How to Write a Landscaping Contract

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If you presently own a landscaping business or are just starting one, eventually you're going to have to write a landscaping contract. Since every job you do is a contract, it's best to keep all the work documented. Having a written contract is the best way to protect yourself, as well as the client. Plus, it makes record keeping that much easier at the end of the year. Here are some tips and basic things that should be listed on a landscaping contract.

Things You'll Need

  • Contract form (store bought or computer made)
  • Computer
  • Printer

Purchase or make your contact form. You should be able to purchase pre-made contract forms at your local office supply store. It's easy to make your own on a home computer. Making your own gives you the advantage of creating a contract with your specific needs in mind. You'll also have your records stored in one place. If you can, type in your information as it looks more professional. Make sure to list your contact information on the form. First impressions are everything when it comes to business.

State what services you plan on providing. If you are planting, weeding, trimming bushes, amending the soil, or anything else, spell it out. The client wants to know everything you plan on doing to justify the charge. This also covers you in the event there is a misunderstanding on what labor is to be done. List your labor price as a separate item on the contract.

List all the items the client is purchasing, such as plants, soil and mulch, including their price. This will let the client know what items they are paying for. You will also have a record of what items were purchased for the job in the event a problem arises in the future.

Write down a time frame in which you expect the job to be started and completed. Most people want to know when a job they are paying for will start and how long it's going to take. This also should be listed as a separate section on the contract.

List any other services that are included in the landscaping contract. If you intend on going back to the job in a couple of weeks to check on everything, or plan to do anything else not included in the initial labor charge, write it down. You'll have a record to refresh your memory of what service you are to perform in the future. This will help to cut down on any misunderstandings because it's in writing. List this cost as a separate item on the contract.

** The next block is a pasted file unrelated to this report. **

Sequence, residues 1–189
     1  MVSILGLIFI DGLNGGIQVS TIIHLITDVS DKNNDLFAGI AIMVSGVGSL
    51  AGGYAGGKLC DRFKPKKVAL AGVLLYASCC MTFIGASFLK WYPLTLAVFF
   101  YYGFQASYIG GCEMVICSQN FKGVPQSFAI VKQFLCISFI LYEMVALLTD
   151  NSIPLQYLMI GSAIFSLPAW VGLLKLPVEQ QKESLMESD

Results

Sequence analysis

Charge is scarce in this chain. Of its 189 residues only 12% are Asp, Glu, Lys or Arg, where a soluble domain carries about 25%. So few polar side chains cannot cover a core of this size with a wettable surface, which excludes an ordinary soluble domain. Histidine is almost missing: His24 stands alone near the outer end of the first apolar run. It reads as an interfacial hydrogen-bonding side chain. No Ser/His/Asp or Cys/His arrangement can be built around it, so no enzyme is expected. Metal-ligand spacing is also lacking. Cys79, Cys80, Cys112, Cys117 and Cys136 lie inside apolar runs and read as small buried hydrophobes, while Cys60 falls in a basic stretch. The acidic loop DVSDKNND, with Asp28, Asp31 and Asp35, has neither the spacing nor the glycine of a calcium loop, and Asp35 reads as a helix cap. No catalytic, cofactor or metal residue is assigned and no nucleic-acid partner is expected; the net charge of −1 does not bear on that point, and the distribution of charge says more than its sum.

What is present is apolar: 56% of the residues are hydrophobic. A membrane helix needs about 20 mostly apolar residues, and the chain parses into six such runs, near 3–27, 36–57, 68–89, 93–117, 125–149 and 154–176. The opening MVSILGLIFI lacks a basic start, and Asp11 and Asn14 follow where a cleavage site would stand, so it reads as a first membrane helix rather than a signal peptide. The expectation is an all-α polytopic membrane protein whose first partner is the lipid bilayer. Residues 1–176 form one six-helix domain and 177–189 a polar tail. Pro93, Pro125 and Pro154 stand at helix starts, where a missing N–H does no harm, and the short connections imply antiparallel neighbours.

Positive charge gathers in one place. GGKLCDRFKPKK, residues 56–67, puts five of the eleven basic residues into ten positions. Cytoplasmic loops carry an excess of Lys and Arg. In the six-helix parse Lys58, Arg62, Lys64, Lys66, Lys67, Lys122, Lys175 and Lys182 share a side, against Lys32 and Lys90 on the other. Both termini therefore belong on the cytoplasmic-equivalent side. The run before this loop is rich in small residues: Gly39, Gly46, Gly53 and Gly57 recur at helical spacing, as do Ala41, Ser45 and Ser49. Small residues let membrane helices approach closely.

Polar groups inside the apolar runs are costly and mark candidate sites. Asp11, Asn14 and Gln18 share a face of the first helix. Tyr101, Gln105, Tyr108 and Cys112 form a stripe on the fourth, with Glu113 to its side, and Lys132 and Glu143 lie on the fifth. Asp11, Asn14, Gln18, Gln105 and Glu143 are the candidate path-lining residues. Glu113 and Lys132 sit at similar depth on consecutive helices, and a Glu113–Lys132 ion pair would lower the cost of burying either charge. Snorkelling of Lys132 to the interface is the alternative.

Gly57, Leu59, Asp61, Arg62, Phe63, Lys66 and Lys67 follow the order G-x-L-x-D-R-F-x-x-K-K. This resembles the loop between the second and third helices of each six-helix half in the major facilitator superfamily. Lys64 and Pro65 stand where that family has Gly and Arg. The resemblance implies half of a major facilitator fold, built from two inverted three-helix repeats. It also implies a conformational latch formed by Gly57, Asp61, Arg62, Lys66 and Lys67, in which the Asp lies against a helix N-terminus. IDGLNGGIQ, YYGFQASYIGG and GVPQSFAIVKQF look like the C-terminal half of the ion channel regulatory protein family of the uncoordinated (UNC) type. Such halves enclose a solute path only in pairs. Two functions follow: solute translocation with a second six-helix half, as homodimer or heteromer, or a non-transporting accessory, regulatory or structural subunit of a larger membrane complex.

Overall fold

Write down any guarantees that are included with the job. If you plan on guaranteeing the plants, or a plant, for a certain amount of time, write it down. This not only covers the client, but yourself as well. If you don't plan on guaranteeing any of the plants, it might also be good to note it. You don't want the client to come back and say you need to replace plants, when circumstances beyond your control killed them.

State any upfront fees that are to be paid before the job, or other payment terms. For instance, if you are to be paid a third upfront, and the rest upon completion, write it down. Nothing is more irritating that doing the work and having money out and then you can't get paid. Make sure to list this as a separate item on the contract form.

Total up all costs, taking into account any credits that are on the contract. Once you've come to a figure, your contract is almost done. Now, all you have to do is sign and date it and you can give it to the client.

Tips & Warnings

  • Make your contract look as professional as possible.

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